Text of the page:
[Editor’s Note: This is a piece reflecting on the process of making a video game that reflects the film history of New Orleans. The video game was never completed but the process reflects the aims and scope of the Collat Media Project, a Tulane program to empower women to code. It was originally published on March 21, 2013]
A example of a background used by Louisiana Lou. Photo by Grace Baker.
For a while now, I’ve had the pleasure of working on the videogame Louisiana Lou. Louisiana Lou is a set in 1910’s New Orleans, and the idea is that after playing the game people will be inspired to learn more about the NOLA 1910’s film industry. I was thus confronted with how to make my game as immersive as possible, and deciding on how to create the scenery for the game was a key part of this.
The way Louisiana Lou is set up is that every time you speak to a character you see both the character’s image and the background of whatever location you’re visiting at the moment. Thus, if you were playing a level at the Times Picayune Office or City Park, in the background you might see the inside of the office, or a tree. This meant that in theory you could just insert actual photographs taken from the time period behind the characters.
However, there were two problems with this. The first was the more basic one: I wasn’t guaranteed to find the photos that I actually needed. Even if a photo was taken at the correct location, it often wasn’t of high enough quality to use. Many of the photographs I came across had either been shrunk down when they were posted online or when they’d been used in a book or photographs decades ago. Next to the simple, clean graphics of my game, any blurriness or pixilation would be glaring.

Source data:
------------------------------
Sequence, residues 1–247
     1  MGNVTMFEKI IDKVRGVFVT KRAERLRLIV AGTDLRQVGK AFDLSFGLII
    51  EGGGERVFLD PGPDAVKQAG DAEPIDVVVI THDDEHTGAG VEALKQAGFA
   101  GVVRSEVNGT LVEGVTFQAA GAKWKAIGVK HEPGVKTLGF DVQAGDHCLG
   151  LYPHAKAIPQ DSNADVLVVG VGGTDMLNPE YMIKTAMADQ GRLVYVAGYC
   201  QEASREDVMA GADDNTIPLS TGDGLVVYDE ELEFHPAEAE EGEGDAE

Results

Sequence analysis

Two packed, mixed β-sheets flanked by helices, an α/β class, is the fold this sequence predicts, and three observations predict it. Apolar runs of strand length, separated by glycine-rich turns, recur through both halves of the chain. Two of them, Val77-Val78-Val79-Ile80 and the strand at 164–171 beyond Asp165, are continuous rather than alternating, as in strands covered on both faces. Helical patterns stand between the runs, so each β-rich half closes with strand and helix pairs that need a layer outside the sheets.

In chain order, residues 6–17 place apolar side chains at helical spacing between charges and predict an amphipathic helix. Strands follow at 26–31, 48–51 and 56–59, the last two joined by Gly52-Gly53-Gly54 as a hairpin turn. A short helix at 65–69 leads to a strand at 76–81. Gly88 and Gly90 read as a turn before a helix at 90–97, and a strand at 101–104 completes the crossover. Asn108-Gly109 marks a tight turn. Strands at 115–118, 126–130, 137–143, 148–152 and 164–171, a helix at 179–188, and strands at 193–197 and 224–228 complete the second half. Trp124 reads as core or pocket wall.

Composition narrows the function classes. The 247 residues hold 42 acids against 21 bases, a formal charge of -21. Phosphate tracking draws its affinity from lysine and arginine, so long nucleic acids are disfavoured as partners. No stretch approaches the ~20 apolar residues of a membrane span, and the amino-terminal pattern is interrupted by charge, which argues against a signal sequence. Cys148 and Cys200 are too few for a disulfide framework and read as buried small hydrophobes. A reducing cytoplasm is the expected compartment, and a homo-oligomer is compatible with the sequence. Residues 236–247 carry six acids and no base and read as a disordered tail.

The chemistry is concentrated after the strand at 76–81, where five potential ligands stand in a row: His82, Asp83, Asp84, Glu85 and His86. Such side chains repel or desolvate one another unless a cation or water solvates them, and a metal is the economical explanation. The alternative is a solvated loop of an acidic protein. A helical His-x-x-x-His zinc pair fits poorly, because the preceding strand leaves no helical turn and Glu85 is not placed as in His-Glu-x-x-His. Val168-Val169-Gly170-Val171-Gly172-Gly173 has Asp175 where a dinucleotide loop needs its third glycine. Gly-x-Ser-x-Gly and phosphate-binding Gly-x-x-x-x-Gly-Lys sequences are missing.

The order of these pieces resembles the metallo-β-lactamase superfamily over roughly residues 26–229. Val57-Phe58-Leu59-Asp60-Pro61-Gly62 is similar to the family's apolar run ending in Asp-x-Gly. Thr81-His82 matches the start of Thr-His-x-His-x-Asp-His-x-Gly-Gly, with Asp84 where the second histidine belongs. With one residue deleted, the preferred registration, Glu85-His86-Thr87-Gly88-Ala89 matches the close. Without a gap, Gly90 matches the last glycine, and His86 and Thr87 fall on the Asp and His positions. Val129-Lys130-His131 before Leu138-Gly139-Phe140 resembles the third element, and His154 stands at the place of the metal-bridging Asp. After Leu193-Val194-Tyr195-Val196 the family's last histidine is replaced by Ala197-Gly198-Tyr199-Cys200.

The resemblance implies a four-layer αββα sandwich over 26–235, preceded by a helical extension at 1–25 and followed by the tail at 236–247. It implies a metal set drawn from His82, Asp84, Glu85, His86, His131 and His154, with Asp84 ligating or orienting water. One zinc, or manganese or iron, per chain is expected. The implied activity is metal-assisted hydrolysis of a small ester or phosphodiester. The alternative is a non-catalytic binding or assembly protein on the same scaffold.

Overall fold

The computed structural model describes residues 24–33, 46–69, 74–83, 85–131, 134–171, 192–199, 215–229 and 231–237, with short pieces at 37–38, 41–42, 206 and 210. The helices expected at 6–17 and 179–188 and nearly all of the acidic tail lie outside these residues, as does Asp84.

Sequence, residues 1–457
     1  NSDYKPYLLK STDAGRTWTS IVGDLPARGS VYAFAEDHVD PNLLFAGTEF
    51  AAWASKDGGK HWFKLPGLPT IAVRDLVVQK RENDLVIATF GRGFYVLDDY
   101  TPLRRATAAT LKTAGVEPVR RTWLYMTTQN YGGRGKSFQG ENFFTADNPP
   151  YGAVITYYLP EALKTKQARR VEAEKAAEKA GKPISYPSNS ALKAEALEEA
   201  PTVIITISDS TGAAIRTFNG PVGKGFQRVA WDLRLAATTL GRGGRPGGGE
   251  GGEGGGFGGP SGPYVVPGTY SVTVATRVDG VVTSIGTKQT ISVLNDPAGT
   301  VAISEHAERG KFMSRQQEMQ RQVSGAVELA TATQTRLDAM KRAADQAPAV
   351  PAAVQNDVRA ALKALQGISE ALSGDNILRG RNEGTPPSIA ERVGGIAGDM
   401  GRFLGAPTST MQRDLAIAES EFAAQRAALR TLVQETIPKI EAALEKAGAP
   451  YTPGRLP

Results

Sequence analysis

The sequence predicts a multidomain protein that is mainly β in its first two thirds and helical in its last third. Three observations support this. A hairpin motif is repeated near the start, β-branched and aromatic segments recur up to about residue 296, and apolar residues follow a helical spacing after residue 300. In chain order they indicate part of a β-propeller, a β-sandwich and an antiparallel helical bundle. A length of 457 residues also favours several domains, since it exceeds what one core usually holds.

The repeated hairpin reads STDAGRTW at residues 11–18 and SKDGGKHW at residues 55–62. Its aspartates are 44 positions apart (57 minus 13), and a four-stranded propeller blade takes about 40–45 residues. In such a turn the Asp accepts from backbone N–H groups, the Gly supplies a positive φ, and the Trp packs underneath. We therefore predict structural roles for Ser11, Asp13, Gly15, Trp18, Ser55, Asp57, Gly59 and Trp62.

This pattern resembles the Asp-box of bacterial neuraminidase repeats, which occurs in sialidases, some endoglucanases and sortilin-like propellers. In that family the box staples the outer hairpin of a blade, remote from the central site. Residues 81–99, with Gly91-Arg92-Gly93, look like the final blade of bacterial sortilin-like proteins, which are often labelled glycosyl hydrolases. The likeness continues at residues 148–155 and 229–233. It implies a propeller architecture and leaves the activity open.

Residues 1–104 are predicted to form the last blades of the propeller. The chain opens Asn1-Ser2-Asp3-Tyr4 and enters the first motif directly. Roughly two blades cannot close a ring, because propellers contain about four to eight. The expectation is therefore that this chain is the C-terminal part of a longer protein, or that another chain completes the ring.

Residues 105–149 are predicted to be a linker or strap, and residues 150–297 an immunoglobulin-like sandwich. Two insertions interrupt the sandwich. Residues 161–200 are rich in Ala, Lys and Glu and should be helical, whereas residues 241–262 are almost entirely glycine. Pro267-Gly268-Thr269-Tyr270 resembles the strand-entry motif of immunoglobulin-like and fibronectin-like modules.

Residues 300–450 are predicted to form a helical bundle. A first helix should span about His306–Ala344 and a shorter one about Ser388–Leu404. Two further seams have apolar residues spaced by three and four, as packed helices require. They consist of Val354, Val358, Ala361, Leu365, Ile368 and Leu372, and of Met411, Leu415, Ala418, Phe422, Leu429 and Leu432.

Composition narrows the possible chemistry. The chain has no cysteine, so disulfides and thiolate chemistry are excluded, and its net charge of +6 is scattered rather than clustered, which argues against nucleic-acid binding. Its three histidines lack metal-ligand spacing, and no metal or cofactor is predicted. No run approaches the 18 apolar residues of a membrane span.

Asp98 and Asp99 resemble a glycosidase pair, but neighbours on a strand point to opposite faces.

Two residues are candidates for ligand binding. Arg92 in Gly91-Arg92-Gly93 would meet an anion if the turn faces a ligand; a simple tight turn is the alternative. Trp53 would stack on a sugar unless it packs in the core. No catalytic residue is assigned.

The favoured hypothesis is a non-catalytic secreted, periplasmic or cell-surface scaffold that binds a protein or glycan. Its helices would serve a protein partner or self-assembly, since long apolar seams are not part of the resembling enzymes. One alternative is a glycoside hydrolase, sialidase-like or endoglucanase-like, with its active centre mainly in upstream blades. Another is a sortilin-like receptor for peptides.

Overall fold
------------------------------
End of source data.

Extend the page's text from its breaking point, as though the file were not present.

A scene done in a different style. Photo by Grace Baker.
The second and more pressing issue was copyright infringement. In most cases it was downright impossible to get the rights to use an original photograph in a game. Generally it was because rights to the photograph were expensive; sometimes, however, I didn’t even know who to begin contacting if I wanted the rights. In any case, paying for the rights to every background would be an astronomical cost, and it just wasn’t an option.
My first idea – to color the photographs using Photoshop – was ultimately impractical. While modifying photographs is a great way of getting around the copyright issue, it took a long time to color the photos and the end result, while surreal, didn’t capture what I wanted for the videogame. It was scrapped, and instead I began painting the scenes. This too is slow, but will hopeful yield the results I’m after.